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Inflammation and its impact on skin

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Inflammation is the buzz word of the moment, and we are seeing it everywhere. In this post we’re delving into a little bit of the science behind inflammation and what impact it has on skin. We promise not to geek out too much though 😊.



Inflammation is the body’s natural immune response to foreign bodies or injury – that’s why we get swollen glands or a bruise, for example. This inflammatory response helps our bodies to heal, which we need . Inflammation happens where we can see it on the body, but also inside the body where we can’t see it. It’s only now that there is a greater understanding of the link between chronic inflammation in the body and some health and skin conditions 1.

Understanding what can cause chronic inflammation can allow us to make more informed choices about how we deal with and / or prevent it from happening. In this post, we will only tackle chronic inflammation and the impact it has on the skin.



Inflammation in skin can present itself in a number of ways – dryness, rash, itchiness, irritated and sore, patches of eczema, or an eczema flare-up, increased sensitivity to products, breakouts, dermatitis, an allergic reaction – and it can also exacerbate skin conditions such as rosacea and psoriasis.



These can be grouped into three main areas – environmental, lifestyle, and diet – some examples of which have been listed below, although this list in not new or exhaustive:

Environmental causes would include pollution, UV radiation from the sun, blue light from devices, or an allergy which has not yet been diagnosed, i.e. perfume or pet allergy or to a product or ingredient such as SLS, which can lead to a weakening of the skin barrier, allows allergens and irritants to breach and cause inflammation.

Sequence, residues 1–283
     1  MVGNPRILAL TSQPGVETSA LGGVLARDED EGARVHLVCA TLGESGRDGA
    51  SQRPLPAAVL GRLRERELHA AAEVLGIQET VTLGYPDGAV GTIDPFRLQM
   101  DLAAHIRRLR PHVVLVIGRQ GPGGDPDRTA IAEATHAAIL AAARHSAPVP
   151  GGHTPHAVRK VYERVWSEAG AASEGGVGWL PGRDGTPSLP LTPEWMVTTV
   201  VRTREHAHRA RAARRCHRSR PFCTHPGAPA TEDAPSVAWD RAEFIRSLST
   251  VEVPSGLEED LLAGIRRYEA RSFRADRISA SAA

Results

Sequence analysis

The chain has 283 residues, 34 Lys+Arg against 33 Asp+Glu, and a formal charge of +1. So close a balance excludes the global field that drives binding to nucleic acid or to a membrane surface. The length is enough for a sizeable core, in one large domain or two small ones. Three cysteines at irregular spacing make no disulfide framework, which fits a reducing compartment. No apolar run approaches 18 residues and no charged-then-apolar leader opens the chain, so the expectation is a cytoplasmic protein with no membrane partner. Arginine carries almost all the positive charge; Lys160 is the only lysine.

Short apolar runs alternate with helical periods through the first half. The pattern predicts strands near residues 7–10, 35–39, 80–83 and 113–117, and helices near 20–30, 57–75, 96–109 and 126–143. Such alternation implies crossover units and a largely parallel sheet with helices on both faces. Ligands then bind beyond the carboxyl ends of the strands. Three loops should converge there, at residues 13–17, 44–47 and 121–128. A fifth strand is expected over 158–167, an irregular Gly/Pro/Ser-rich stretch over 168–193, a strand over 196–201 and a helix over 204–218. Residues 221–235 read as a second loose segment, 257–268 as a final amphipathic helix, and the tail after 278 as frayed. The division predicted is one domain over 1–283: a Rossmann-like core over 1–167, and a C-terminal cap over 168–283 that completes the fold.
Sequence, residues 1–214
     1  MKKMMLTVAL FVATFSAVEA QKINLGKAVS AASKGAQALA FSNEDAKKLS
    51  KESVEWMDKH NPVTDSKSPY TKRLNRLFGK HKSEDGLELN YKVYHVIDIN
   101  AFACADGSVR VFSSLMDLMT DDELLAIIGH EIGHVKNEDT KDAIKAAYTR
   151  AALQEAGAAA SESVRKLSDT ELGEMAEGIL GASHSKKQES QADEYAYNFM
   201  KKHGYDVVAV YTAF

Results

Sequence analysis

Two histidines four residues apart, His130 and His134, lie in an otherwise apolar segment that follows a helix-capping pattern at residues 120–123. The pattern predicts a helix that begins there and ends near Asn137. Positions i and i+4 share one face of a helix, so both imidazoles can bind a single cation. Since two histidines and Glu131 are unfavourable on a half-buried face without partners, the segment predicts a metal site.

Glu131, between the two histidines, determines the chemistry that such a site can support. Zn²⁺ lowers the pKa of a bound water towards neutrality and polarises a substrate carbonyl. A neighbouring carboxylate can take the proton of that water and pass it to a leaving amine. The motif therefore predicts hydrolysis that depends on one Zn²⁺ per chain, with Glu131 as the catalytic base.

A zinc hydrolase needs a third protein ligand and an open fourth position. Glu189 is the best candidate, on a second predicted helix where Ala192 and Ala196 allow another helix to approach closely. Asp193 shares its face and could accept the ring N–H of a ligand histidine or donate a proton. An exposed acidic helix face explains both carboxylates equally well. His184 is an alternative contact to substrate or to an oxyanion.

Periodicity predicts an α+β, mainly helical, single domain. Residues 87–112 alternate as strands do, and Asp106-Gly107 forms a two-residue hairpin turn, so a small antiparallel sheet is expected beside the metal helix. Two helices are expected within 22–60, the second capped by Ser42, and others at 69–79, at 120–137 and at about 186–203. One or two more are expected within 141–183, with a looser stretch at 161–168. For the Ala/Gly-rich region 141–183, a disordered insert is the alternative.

Lifestyle covers smoking, not enough sleep, late nights, or prolonged periods of stress 2.

Diet which includes too much refined sugar, alcohol, saturated fats (trans fats), a food allergy which has not yet been diagnosed, all of which has an impact on the microbiome in the gut, which in turn has an impact on so much more, including the delicate balance of hormones.



The one-size-fits-all approach doesn’t work for everyone, and my personal journey included consulting a functional nutritionist and tests to understand what my body was not benefiting from.

However, a common theme and advice given to everyone is to eat more anti-inflammatory foods, and surprise surprise most of the items on there are plant based and whole, i.e. unprocessed 3. Anti-oxidant rich foods and skincare products will work hard to protect against environmental causes of inflammation.

There is also some research that shows that topical application of plant oils can help with strengthening the skin barrier and have an anti-inflammatory action, which again supports the notion of plant based and whole, i.e. unprocessed 4. More research is needed, but looking out for ingredients with anti-inflammatory properties can help to strengthen the skin barrier and structure of skin.

Watch out for more posts on inflammation and how we can work to reduce its impact on skin. If you’re not already subscribed, then sign up for our monthly newsletter so you don’t miss out.

1. Chronic Inflammation, 2018, StatPearls Publishing ↩ 

2. Brain-Skin Connection: Stress, Inflammation and Skin Aging, Inflamm Allergy Drug Targets. 2014 

3. Foods that fight inflammation, Harvard Health Publishing, 2018 

4. Anti-Inflammatory and Skin Barrier Repair Effects of Topical Application of Some Plant Oils, Int J Mol Sci. 2018 

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